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Topic: Sketch too big on Micro ?! (Read 239 times) previous topic - next topic


good day everyone, I  have a problem with a sketch which is using up almost the full flash memory size (30434 bytes). It works on 328p (when selecting the  standard Arduino UNO board from the Arduino IDE), but cannot get into m32u4, although it should have same memory size. I know the Arduino Micro comes with a much larger bootloader, however I have uploaded the hex file through ISP, so the bootloader should be overwritten, isn't it?
by eliminating few code lines it works  fine.
Datasheet is  reporting  a flash memory capacity of 32k, so it should still be ok.
I am using the Arduino IDE to compile and avrdude then to upload the hex which is generated from the IDE, without the bootloader via command line
it seems a linker  problem, however I  am not very familiar with the options to use when excluding the bootloader.

Avrdude does not give me any error when uploading the .hex file and the flash verification checks ok, although Arduino IDE does show "text section exceeds available space in board. Sketch too big". The weird thing is, this message is shown on both cases when the sketch works and when it doesn't, so I guess this is only an error from the IDE because it assumes I am uploading through it, including the bootloader.
Any suggestions please?


however I have uploaded the hex file through ISP, so the bootloader should be overwritten, isn't it?
The bootloader was erased, but the BOOTRST configuration fuse is still programmed:

and the Arduino IDE is still configured to fail compilation if the sketch size exceeds the application section (as is the correct thing to do wih the BOOTRST fuse programmed):

It is possible to use the full flash memory capacity of the ATmega32U4 for your sketch, but you'd need to use your ISP programmer to change the BOOTRST fuse and also change the value of the upload.maximum_size build property in the boards.txt entry for your board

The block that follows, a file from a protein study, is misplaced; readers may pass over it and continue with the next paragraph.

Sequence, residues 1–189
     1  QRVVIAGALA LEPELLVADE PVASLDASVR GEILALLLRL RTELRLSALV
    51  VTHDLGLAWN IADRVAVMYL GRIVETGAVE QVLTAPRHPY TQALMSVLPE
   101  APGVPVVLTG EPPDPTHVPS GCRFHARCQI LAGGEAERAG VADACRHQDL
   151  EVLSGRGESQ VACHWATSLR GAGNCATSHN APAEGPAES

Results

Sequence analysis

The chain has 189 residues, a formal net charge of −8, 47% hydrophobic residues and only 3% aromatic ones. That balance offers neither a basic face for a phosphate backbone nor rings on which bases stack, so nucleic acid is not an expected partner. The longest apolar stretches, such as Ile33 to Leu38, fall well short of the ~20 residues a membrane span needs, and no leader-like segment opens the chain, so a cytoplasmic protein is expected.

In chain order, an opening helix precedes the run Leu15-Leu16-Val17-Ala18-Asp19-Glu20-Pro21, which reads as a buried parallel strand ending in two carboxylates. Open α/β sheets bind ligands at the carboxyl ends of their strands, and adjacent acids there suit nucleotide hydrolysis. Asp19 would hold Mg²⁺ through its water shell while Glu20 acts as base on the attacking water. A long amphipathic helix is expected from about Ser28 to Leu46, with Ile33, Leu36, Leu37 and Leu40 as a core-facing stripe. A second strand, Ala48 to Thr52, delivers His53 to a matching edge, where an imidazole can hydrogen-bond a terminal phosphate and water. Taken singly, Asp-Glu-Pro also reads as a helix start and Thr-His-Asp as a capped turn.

With most AVR chips, there is a nice 3rd party boards platform that provides this capability for you, but I'm not aware of one for the ATmega32U4. So you might need to make the modifications yourself. Rather than editing boards.txt directly, you could either add a boards.local.txt file with your modifications:
Just remember to save your file somewhere safe so it doesn't get lost the next time you update to a new verison of Arduino AVR Boards.

Or better yet, make an extension boards platform for your custom board definition. Because you can reference the core library, core variant, and tools from the Arduino AVR Boards platform, your extension platform can be very minimal:



Thanks a lot Pert,

indeed the hfuse  was set to 0xd8, which I guess is the default value for a new board. The  sketch worked once changed to 0xd9 !
As for the board definition, as a quick fix I just changed the micro.upload.maximum_size and the micro.bootloader.high_fuses value in boards.txt for now, but I will follow your advice for the future by creating a dedicated board definition.